25 Imprisonment and community-based corrections rates enable comparisons of prisoner numbers to be made across states and territories. Prisoner and community-based corrections rates are expressed per 100,000 adult population.
26 In this publication the population figures used in the calculation of rates are for persons aged 18 years and over for all states and territories except Victoria and Queensland where the population used is of persons aged 17 years and over (see Explanatory Notes, paragraph 9).
27 In some instances rates have not been published. Where this occurs, the cell concerned contains the symbol 'np'. This happens where, either the number of persons in custody is less than 10, or where the denominator population on which the rate is calculated is less than 5,000. This has been done because such rates can vary widely from month to month with small variations in numbers of persons, and therefore may give an inaccurate reflection of the involvement of persons in custody.
28 Rates for the total adult prisoner population and persons in community-based corrections are calculated using the estimated resident population for each of the states and territories (refer Australian Demographic Statistics (cat. no. 3101.0)). As the population changes over time the denominator used for the calculation of rates varies, depending on the reference period. Rates are calculated using the ERP for two quarters prior to their respective quarters. Thus for this quarter, the ERP for the March quarter 2004 was used in the calculation of rates. This approach uses the latest ERP available at the time of publication.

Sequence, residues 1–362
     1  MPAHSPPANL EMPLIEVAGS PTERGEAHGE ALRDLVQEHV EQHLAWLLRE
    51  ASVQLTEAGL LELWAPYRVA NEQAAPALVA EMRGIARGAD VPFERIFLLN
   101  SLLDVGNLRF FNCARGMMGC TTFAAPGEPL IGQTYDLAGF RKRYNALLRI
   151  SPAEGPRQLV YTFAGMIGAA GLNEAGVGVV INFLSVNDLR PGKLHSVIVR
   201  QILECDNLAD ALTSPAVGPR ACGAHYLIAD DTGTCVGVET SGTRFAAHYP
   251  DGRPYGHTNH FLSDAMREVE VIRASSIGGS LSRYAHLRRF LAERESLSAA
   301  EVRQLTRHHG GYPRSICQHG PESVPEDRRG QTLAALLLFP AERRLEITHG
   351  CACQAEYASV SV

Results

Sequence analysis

29 In previous issues of this publication rates for the adult Indigenous imprisonment population were presented based on projections from Experimental Projections of the Aboriginal and Torres Strait Islander Population, 30 June 1996 to 30 June 2006 (cat. no. 3231.0). These projections were based on the results of the 1996 Census of Population and Housing. A new set of projections for the Indigenous population, based on the 2001 Census of Population and Housing, was released on 27 September 2004 in the publication Experimental Estimates and Projections, Aboriginal and Torres Strait Islander Australians, 30 June 1991 to 30 June 2009 (cat. no. 3238.0). In future issues of Corrective Services, Australia (cat. no. 4512.0), adult Indigenous imprisonment rates and the ratio of Indigenous to non-Indigenous imprisonment rates (including the revision of previously published rates) will be published using population projections based on the 2001 Census of Population and Housing.